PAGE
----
Stay safe and train how you carry!

Free the mind and the body will follow

20 Comments

  1. I like Jesse’s bio line!

  2. I have not used snap caps in a handgun, but I did buy a set for my shotgun. I needed to practice with my coach gun for Cowboy Action shooting. Worked good.

    • Jesse Mathewson

      JP, try the wall hangers for .22 at least and they make off brand version of the other though the a-zoom are less expensive overall given quality

  3. Hi Jesse thank you for review , what is different between range vs non range magazines for you ?

    • Jesse Mathewson

      Cdnnate, all my magazines must function 99% (largest reason I do not use a 1911 model is no way to ensure 99% magazine function and no real crossover available)
      I know nothing works 100%, it’s a fallacy to assume anything can.

      So why do I differentiate magazines, because range magazines are stored loaded with range ammo, and rarely cleaned to same level as carry magazines/ I always have a minimum of 5 magazines for carry/ready purposes for each firearm. For my carry handgun and rifle I have 10 “defensive” magazines loaded and tested every 6 months – range magazines for me almost always get new springs, baseplates, followers or fully replaced once a year.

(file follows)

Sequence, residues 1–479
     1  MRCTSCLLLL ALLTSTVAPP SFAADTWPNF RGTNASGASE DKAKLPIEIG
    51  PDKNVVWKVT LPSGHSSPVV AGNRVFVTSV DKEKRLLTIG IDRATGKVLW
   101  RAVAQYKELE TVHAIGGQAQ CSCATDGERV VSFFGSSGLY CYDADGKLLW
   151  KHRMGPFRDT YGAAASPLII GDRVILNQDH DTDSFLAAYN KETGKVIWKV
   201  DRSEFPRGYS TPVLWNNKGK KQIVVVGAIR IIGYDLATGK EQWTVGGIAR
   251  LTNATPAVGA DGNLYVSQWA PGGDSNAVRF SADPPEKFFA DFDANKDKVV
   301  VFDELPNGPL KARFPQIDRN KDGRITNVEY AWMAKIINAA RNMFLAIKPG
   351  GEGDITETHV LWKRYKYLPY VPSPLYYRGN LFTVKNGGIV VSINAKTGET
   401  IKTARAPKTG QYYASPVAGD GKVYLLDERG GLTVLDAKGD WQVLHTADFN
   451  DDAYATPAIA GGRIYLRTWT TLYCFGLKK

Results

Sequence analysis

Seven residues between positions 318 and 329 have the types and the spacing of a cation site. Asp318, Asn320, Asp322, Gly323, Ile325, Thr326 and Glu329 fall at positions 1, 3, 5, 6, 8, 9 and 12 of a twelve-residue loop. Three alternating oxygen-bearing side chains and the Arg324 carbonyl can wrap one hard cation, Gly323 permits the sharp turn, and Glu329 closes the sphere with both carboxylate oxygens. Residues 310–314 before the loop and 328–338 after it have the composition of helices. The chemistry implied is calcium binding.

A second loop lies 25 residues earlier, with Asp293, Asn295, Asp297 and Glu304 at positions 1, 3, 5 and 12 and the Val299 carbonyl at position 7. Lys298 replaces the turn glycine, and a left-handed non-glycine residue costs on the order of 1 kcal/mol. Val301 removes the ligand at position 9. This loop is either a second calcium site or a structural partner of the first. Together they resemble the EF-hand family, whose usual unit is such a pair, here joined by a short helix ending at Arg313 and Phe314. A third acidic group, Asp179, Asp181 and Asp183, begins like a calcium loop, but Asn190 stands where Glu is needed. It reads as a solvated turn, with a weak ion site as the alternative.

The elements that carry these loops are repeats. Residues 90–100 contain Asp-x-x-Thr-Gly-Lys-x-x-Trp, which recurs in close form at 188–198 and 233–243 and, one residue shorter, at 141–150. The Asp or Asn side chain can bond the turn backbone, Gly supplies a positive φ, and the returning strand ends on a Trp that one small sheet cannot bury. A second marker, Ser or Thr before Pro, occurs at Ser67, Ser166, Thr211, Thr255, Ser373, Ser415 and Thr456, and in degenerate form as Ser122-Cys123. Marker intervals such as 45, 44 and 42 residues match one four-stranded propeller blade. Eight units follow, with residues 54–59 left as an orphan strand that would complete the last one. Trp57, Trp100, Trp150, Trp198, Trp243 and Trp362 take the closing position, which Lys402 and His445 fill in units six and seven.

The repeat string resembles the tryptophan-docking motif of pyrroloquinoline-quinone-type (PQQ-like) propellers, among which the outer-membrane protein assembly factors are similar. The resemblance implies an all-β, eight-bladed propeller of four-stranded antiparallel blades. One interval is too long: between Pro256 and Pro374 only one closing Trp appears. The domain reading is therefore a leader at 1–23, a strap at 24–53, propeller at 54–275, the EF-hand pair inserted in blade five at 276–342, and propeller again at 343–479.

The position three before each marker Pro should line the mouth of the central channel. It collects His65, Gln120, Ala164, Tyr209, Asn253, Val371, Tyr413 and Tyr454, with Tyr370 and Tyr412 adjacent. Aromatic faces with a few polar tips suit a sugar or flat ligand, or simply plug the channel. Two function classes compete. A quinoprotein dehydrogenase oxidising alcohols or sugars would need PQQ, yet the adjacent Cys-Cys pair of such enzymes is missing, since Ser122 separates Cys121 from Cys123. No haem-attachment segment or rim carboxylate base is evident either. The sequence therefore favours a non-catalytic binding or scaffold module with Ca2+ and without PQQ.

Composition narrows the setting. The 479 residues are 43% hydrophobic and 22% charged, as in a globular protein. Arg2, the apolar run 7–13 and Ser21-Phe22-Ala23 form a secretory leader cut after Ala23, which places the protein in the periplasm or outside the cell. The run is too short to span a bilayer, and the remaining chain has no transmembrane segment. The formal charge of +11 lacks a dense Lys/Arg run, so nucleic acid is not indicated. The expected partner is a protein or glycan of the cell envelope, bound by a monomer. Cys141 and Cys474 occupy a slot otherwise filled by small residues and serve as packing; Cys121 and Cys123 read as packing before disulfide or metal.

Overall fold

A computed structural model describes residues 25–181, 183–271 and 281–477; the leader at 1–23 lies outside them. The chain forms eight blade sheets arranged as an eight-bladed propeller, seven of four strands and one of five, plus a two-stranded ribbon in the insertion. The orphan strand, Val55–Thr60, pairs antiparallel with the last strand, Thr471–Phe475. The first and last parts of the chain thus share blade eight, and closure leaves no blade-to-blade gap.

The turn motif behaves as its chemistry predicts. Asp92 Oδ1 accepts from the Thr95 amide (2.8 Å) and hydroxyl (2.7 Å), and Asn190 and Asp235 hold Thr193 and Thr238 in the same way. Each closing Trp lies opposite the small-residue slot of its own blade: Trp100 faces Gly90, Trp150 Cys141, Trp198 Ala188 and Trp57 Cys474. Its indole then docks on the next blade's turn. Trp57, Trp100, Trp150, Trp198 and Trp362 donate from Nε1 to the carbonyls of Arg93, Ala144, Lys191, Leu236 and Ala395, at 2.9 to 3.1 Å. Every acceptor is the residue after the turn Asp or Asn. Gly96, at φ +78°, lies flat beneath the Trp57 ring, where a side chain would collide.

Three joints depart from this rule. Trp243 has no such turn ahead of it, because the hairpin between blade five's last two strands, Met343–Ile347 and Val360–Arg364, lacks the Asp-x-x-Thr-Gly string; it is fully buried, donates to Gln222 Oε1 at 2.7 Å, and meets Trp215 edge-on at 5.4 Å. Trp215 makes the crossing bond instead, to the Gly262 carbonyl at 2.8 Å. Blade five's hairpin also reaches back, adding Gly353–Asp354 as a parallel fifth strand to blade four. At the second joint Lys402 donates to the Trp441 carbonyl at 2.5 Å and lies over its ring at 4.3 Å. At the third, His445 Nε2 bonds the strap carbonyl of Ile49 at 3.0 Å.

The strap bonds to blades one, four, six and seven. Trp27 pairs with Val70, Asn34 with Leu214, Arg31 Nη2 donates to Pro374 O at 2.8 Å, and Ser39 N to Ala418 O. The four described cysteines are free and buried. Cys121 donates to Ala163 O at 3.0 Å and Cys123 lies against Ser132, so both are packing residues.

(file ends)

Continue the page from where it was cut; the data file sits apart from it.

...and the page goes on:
Just a safety quibble and personal carry choice really. I also use paint markers to mark all magazines, this allows ease of fixing when they fail and yes. Even my glock magazines fail not as much as others but they do 🙂

      • Jesse,
        I pretty much use the same magazines for carry and range; but, then again my range is just a few steps into the back yard. Marking your magazines with paint markers is a smart thing to do, since with multiple magazines you can often get one that is troublesome and that way you can isolate it to determine if the magazine is broken or it’s an ammunition problem.
        I keep several magazines nearly fully loaded for carry and will unload a few to use on the range, shooting all of my carry ammunition at least once per year to replace with new.